Severe weather erupted Tuesday across the central United States. Numerous tornadoes touched down in at least five states, with the focus of severe weather fury targeting Oklahoma.

Heavy rain and flooding also were common. Large zones of three or more inches of rain fell across parts of Missouri, Oklahoma, Kansas and Illinois, in particular.

A large wedge tornado April 30 near Blue, Okla. (Alex Spahn, @spahn711/Twitter)

River flooding, which has plagued portions of the central United States since March, was aggravated by Tuesday’s rain. As the Mississippi River surged to near-record levels in parts of Iowa, a flood barrier failed in Davenport and water poured into the city.

More dangerous storms and flooding are predicted for the middle of the nation Wednesday.

Another severe weather volley

More than two dozen reports of tornadoes have been logged for Tuesday. At least a few more reports are likely to trickle in as the National Weather Service investigates the event.

It was the biggest tornado outbreak of the year in parts of the Plains, where places like Oklahoma were hit by numerous tornadoes after a slow start to 2019. The outbreak also caps an active month of weather that featured two large-scale severe weather outbreaks in prior weeks.

Storms got off to an unusually early start Tuesday, with tornadoes in central and eastern parts of Oklahoma around lunchtime. This is when the incredible tornado captured by drone touched down.

From that point through the afternoon and into evening, clusters of tornadic supercells dotted the landscape from Missouri to Texas. After dark, more tornadoes, including a large wedge that did major damage, scoured the landscape in southern Oklahoma as others touched down elsewhere.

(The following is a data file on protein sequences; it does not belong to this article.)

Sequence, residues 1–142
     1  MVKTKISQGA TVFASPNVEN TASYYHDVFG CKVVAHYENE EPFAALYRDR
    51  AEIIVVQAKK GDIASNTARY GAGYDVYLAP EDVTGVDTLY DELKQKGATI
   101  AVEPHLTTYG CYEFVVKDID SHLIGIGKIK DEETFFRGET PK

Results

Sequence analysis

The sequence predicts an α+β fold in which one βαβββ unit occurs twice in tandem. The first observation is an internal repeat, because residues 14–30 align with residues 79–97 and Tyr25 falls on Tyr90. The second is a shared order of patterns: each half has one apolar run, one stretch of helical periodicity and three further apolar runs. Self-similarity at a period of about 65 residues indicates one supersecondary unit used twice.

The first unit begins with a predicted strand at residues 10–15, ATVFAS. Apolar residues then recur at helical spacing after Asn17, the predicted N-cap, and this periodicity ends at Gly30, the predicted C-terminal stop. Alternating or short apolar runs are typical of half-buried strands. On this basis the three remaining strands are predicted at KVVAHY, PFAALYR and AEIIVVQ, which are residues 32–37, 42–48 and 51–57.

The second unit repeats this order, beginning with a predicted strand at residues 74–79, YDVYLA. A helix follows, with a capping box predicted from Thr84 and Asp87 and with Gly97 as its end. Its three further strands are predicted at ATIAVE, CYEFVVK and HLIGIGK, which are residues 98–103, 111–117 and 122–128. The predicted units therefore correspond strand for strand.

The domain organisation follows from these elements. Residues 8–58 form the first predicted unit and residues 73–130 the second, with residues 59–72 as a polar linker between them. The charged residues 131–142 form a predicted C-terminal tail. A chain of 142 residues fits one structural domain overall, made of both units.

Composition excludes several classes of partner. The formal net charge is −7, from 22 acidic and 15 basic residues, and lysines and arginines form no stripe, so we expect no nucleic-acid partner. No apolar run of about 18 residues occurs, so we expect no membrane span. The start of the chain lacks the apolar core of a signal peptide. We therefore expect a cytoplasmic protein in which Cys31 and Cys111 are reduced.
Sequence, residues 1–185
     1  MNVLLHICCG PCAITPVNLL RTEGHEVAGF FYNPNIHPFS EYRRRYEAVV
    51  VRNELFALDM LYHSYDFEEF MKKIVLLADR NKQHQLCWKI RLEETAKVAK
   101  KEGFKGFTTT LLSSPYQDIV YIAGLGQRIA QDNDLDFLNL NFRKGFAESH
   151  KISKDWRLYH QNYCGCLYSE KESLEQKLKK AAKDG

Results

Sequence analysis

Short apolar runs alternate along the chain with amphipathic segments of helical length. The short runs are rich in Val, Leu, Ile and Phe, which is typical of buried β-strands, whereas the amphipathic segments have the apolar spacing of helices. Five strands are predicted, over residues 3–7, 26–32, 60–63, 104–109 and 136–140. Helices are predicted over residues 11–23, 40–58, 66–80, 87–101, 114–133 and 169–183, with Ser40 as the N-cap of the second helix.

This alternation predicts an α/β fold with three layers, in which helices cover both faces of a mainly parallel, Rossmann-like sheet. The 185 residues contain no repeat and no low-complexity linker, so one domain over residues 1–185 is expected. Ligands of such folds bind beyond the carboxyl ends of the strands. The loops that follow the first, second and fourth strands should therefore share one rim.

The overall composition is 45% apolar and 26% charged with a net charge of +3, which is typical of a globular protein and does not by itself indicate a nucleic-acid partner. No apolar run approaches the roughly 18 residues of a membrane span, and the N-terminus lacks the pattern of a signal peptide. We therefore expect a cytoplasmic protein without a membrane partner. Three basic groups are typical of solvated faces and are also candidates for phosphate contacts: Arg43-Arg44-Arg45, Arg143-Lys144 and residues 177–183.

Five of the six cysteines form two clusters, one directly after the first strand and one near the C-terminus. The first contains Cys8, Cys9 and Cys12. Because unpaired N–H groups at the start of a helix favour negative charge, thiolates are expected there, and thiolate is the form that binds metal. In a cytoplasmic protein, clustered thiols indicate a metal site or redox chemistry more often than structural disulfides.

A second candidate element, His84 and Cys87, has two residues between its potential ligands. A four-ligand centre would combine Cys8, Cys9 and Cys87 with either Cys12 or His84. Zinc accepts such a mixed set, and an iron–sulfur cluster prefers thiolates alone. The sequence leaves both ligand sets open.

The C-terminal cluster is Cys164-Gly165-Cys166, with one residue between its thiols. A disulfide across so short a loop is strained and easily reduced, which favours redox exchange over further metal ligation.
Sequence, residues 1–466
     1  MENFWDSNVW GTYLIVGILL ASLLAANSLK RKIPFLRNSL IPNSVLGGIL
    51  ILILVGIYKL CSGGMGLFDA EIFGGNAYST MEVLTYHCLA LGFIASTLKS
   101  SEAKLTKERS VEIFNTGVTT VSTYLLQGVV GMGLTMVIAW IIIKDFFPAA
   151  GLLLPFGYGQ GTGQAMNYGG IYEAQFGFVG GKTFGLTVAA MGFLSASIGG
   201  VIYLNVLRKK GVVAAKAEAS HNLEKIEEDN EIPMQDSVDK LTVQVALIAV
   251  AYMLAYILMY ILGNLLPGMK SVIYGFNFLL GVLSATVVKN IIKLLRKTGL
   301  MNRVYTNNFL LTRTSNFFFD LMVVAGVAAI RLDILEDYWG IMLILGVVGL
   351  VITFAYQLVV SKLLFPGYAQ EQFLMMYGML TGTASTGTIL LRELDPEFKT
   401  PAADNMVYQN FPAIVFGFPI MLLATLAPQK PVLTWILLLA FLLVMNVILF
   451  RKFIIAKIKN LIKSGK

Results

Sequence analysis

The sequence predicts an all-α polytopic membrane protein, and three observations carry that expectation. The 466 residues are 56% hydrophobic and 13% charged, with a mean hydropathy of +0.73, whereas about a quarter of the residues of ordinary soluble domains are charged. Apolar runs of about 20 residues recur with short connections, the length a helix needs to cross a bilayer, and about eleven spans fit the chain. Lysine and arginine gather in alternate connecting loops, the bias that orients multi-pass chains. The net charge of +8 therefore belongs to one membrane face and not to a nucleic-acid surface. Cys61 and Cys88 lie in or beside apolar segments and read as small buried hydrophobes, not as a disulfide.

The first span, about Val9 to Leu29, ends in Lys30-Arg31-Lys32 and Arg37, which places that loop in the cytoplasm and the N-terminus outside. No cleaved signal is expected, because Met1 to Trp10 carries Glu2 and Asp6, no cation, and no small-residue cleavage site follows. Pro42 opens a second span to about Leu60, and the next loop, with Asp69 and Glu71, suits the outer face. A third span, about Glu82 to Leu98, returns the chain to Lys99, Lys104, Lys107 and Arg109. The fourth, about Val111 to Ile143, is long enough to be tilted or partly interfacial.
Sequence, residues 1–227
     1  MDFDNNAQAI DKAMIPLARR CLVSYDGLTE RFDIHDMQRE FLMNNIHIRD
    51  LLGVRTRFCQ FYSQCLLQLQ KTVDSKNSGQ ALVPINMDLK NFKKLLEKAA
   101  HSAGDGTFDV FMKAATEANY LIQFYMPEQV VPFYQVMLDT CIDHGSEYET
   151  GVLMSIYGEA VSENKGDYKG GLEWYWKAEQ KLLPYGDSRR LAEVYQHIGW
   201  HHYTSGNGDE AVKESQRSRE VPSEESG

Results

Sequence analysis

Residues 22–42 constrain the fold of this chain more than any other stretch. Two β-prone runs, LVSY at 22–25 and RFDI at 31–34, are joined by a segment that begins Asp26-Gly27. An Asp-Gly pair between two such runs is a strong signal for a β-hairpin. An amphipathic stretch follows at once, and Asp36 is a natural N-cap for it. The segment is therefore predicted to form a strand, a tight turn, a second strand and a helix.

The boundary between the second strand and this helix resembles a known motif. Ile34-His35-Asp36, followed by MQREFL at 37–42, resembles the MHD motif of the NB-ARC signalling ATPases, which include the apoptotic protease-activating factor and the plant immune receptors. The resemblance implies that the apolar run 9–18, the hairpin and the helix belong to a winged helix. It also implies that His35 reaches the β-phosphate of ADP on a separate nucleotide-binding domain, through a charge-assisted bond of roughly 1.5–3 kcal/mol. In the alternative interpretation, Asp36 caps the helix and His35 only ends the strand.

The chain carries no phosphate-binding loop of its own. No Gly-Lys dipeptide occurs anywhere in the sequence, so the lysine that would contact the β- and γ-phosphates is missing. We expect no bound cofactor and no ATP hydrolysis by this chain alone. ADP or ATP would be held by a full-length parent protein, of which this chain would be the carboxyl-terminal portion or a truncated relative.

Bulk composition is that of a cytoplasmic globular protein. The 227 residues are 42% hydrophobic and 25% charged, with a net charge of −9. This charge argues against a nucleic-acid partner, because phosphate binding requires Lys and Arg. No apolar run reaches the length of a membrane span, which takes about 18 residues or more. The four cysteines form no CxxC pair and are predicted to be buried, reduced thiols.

On Wednesday, the southern Plains into the ArkLaTex are under the gun for dangerous weather. Another spoke of cold and buoyant air in the fast jet-stream aloft will mix with copious low-level moisture to set off storms across a region, focused on north Texas.

Tornadoes and large hail are possible. Eventually, storms might consolidate into a complex with widespread damaging winds. And with these storms will come more rain.

Flooding now, and beyond

As has been the story for weeks, flooding is ongoing at many locations along the Mississippi River, as well as tributaries to it, and other major waterways across the Midwest and the South.

In Davenport, Iowa, a flash-flood emergency was issued late Tuesday as a flood barrier failed and water poured into the city. Although only a small part of downtown flooded, streets turned to lakes in some sections. The failure was spurred by the Mississippi River rising to near-historic levels. A gauge at Rock Island near the city is poised to threaten levels seen during the 1993 flood on Wednesday before waters subside.

Tuesday’s situation in Davenport is not expected to worsen, as the Mississippi River is heavily contained in most areas.

To the south, an area from Illinois to Oklahoma saw round after round of flash-flood inducing rain Tuesday. Wednesday morning, most of Missouri was under flood warnings as numerous creeks and streams overflowed their banks.

Any additional rainfall is likely to exacerbate it, and more is on the way over the next few days. On Wednesday, a moderate risk for excessive rainfall is focused on the Dallas-Fort Worth area, with a lower but still notable heavy rainfall threat extending into a larger region and then shifting eastward for Thursday.

This latest round of high water should peak in the next few days, with levels falling off thereafter. In many cases, levels dropping still means major flooding ongoing into next week.

The renewed round of flooding comes because the storm train has been running since winter. Signs continue to point to an active period ahead for much of the Lower 48.

With an outlook from the Climate Prediction Center for May that calls for good chances of above-average precipitation in the same regions already experiencing flooding, it’s likely that widespread high water is a story that will persist in the weeks ahead.

And, of course, patterns that cause flooding tend to also bring thunderstorms. May is peak for tornadoes in the United States, as more of the country comes under threat from violent storms.